Championing LGBTQ+ Voices: What Does It Mean and Where Do We Start?
By Karen Hewitt, M. Ed.
Pronouns: Ze/Hir/Hirs and She/Her/Hers
Associate Director, Leadership Columbus
I happened to have a few moments to spend on Twitter, and I saw the question going around, “when did you have your first Black male teacher?” I fondly thought of my 3rd-grade music teacher and then started posing this question to myself around all my unique intersections. I was trying to see something. The list of names and representatives was not long. I started to think of the first Black Women I saw in the classroom, the media, creatively, and business. The names became fewer and fewer as I moved through categories based on the type of category, profession, and genre.
I was socialized into the narrative that available careers for me were: administration, teaching, care-taking, nursing, and if I was lucky enough and talented enough, maybe I could sing or be in the arts. The household names of Black people ‘making it’ were common in all Black households. We all had similar favorite shows and movies, where Black and Brown actors were hopefully playing parts. Even if only for a few moments in one scene. The idea of having a ‘good job’ or ‘making it’ was related to specific jobs. Those jobs were as a postal worker, working for the city or government, or a job where you could be eligible for retirement and pension. You know, the jobs that made it possible to buy a home prevented living check to check and allowed you to purchase brand name clothes.
Admittedly, I was born in the early 1980s, and I have done so much work on unpacking the narratives and socialized messages I received around everything. Nevertheless, I will always bring race into the conversation as the foundation. That is not because I prefer to go first; it is because disparity began in this country. The othering, the oppression, the slavery all started around the construct of race. As we continued to grow older as a country, oppression changed forms and also expanded. Oppression breeds oppression. So, of course, we can easily add gender identity and expression and sexuality to what I call ‘the big three’ in terms of power politics (race, gender, sexuality) and intersectional hierarchy.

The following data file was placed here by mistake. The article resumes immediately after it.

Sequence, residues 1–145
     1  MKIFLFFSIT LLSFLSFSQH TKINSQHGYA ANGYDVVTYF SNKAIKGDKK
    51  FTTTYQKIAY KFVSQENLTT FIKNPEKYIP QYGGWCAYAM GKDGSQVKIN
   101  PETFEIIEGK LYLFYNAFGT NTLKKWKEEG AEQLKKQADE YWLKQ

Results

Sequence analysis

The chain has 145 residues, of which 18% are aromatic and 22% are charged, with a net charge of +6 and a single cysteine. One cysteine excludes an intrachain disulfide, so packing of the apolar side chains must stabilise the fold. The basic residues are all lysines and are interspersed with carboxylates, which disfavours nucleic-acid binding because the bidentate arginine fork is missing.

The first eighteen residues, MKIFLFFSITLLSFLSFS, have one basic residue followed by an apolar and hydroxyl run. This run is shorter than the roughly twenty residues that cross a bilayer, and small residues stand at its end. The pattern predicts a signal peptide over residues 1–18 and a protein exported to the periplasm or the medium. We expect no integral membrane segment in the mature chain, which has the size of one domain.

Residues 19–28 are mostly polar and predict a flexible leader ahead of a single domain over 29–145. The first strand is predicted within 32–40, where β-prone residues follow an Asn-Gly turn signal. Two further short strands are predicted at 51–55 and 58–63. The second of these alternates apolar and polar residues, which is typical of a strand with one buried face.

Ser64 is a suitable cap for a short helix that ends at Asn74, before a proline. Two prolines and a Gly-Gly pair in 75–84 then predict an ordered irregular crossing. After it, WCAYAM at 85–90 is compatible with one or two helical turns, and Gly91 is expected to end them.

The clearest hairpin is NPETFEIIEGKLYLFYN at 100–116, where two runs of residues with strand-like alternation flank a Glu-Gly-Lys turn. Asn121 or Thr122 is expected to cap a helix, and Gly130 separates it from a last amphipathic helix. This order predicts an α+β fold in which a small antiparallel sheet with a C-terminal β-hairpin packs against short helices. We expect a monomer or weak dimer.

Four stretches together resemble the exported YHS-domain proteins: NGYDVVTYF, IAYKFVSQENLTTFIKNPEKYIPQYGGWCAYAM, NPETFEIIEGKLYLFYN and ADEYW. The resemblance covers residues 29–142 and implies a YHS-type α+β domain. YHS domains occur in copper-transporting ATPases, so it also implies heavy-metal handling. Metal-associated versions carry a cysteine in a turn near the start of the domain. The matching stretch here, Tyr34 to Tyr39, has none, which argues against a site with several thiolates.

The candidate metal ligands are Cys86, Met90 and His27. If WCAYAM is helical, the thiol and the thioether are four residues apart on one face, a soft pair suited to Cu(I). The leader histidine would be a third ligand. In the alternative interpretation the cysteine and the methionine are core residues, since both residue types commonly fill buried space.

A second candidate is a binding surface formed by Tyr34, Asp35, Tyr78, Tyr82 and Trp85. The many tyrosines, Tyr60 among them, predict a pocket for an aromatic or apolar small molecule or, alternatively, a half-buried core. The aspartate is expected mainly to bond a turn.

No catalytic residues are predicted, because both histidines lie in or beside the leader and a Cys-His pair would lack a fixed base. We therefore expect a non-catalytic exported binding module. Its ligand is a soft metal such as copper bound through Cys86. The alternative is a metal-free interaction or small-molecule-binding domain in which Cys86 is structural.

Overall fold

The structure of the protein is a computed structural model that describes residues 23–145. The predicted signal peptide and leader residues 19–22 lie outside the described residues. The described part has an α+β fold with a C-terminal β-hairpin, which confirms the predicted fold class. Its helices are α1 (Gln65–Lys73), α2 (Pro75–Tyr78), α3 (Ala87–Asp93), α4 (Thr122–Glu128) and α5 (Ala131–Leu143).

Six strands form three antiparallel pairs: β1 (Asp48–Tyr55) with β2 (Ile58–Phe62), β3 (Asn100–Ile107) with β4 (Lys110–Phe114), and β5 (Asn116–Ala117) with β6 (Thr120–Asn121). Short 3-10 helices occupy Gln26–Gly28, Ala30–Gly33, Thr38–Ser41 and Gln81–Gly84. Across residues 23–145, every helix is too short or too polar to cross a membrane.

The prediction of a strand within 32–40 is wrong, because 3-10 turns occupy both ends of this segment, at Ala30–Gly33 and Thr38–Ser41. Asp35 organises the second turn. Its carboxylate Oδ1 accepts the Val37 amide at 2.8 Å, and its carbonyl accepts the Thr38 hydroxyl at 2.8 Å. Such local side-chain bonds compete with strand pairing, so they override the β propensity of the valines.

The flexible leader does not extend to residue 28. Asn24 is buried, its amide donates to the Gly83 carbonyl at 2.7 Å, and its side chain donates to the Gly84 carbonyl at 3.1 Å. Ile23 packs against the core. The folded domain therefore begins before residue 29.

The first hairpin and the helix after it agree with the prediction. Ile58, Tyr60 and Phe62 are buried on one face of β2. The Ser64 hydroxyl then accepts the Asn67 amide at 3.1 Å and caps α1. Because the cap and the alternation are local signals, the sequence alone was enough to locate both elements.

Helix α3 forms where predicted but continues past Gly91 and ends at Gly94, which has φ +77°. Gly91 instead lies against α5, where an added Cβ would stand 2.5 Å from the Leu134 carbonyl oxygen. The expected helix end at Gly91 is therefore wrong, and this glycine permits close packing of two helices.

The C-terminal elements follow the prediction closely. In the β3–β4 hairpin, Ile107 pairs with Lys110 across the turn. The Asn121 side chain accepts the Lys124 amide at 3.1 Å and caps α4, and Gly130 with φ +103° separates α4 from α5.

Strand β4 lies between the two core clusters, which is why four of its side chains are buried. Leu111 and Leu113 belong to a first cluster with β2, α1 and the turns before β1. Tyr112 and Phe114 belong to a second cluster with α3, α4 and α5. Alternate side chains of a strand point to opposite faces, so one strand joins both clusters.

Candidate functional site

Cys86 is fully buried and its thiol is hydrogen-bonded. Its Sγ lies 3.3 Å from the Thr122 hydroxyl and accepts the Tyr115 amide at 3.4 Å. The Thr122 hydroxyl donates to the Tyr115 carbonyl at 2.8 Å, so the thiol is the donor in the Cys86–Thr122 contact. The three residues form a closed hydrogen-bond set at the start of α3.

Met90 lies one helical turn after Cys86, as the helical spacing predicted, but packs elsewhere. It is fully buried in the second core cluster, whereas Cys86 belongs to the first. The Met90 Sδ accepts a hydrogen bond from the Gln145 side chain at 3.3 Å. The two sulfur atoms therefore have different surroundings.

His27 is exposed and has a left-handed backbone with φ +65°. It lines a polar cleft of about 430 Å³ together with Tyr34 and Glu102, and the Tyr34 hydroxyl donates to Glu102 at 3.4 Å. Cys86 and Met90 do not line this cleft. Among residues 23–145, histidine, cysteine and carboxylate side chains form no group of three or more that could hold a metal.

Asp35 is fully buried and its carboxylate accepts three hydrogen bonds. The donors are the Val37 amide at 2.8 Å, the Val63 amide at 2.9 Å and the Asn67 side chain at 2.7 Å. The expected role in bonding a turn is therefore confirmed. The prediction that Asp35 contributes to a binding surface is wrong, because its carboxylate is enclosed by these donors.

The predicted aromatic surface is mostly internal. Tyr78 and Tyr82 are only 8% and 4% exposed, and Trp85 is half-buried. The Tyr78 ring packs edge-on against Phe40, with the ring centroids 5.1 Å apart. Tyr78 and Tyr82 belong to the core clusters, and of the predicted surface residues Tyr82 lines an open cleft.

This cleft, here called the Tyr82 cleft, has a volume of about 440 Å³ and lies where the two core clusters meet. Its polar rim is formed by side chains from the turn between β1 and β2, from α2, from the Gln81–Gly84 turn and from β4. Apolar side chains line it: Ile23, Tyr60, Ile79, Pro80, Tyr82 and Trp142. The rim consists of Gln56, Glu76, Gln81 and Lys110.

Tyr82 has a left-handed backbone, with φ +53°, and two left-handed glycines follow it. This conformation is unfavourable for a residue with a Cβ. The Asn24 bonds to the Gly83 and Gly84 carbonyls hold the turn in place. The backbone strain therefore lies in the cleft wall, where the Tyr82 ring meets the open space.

Some of you may be wondering why I would start a blog about championing LGBTQ+ voices in this way. First, I want to clarify that we, at minimum, need to be prepared to discuss how the intersections of race, gender, and sexuality play a part in LGBTQ+ representation. At different points in history, other proximity to various intersections has kept only certain LGBTQ+ voices at the forefront of visibility. Suppose we are moving towards representation, inclusion, and diversity in our organizations. In that case, we must be aware of and address the disparity that has plagued our nation since its beginning.
The most marginalized of any marginalized group will be the Black and Brown members, the disabled, the elderly, the neurodiverse, the most othered. The people furthest from power. For example, two Black women are running Fortune 500 businesses…this is record-breaking and is just happening in June 2021. I long for the day a Black, Trans Woman will run one. A Black, Non-Binary, or Non-Gender Conforming Womyn will lead one. I also know that it takes some time. Some companies are headed in that direction. However, in most organizations, we are still working on people believing that pronouns in email signatures validate and create safe(r) spaces.